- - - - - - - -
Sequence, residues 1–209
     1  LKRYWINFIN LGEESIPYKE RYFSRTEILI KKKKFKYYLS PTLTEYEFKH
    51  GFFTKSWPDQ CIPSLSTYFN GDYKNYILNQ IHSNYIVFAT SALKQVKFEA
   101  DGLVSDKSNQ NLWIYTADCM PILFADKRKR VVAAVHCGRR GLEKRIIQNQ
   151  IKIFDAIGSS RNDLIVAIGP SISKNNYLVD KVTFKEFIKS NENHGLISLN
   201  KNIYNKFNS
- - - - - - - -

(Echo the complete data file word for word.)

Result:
Sequence, residues 1–209
     1  LKRYWINFIN LGEESIPYKE RYFSRTEILI KKKKFKYYLS PTLTEYEFKH
    51  GFFTKSWPDQ CIPSLSTYFN GDYKNYILNQ IHSNYIVFAT SALKQVKFEA
   101  DGLVSDKSNQ NLWIYTADCM PILFADKRKR VVAAVHCGRR GLEKRIIQNQ
   151  IKIFDAIGSS RNDLIVAIGP SISKNNYLVD KVTFKEFIKS NENHGLISLN
   201  KNIYNKFNS